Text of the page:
The bottom line is that the first chapter, which is labeled as the Prologue, feels like a slog to get through because it’s deliberately slow-paced and because it’s the longest chapter by far. This might cause some players/readers to balk and it may sound like I’m criticizing the game for being a slow start, but it’s not necessarily a bad thing. It’s just something to keep in mind since everyone’s personal preferences are different. If you consider that several characters start off being disorientated and unaware of their current situations, then this slow-pacing makes sense since they assume that all is well only to realize that isn’t the case. It establishes a sense of normalcy before they realize change must occur; and in (almost) all stories, change is more or less required.
SeaBed is also quite atmospheric and accomplishes in grabbing the attention of the player/reader through its use of music, an advantage visual novels have over traditional novels, and its “Tips.” The majority of the OST is calming, piano music, which means the “iconic” wombo combo of piano soundtracks and yuri visual novels is alive and well in this game! As for the Tips, they are like little peeks into the story behind SeaBed and serve to enrich and (partially) explain what’s going on in each chapter. The Tips, in short, help in world-building while the music help make the player/reader feel certain moods. And you had better believe and accept that you’re going to be experiencing a roller coaster of emotions if you play SeaBed.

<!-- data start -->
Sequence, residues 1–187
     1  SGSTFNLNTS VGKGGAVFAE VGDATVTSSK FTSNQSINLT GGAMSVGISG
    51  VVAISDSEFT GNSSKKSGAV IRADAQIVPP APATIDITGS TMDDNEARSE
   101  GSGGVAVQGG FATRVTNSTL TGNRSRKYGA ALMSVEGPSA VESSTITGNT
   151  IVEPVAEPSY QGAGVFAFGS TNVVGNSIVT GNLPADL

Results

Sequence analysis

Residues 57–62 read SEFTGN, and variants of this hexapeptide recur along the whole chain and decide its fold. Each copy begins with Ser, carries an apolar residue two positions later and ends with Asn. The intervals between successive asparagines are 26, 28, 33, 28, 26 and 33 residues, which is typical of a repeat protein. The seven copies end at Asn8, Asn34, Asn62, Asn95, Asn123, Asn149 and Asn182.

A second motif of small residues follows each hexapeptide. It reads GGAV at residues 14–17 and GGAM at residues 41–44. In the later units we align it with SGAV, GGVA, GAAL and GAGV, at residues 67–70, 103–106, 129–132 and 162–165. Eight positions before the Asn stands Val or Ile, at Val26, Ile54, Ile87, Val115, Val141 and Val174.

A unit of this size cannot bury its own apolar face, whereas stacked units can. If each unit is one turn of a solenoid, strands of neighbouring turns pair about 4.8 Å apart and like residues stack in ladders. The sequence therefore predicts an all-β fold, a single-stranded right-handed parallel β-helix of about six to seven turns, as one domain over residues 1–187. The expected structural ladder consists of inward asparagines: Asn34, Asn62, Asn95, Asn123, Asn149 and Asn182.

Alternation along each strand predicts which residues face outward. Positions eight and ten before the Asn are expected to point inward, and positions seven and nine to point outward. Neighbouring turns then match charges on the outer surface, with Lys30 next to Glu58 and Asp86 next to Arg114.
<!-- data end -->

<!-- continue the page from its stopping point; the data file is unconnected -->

As for the three protagonists, Sachiko, Takako, and Narasaki, they are all amazing in different ways. Sachiko appears to be stoic yet is very much a passionate person, Takako seems scatterbrained yet is insightful, and Narasaki is mysterious, motivated, and kind. In other words, all of these characters cannot be described as one-note or as blind adherents to typical character archetypes. They all grew on me as I played the visual novel and they all have their distinct “voices” which made seeing things from each woman’s perspective to be thoroughly enjoyable. I don’t want to speak for others too much, so I’ll just say that I really ended up caring for them, which made the ending that much more powerful.
Here is where I address the five minor “drawbacks” that I brought up earlier. None of these drawbacks affected my enjoyment of SeaBed to a significant degree, but that may not be the case for other players/readers, which is why I’m mentioning them. Although I have referred to SeaBed as a visual novel throughout this review thus far, it’s also a kinetic novel since there are no “choices” to be made at all. Now, this lack of player/reader interaction may prove to be off-putting to some, but it also means that you can just sit back and watch an excellent narrative unfold.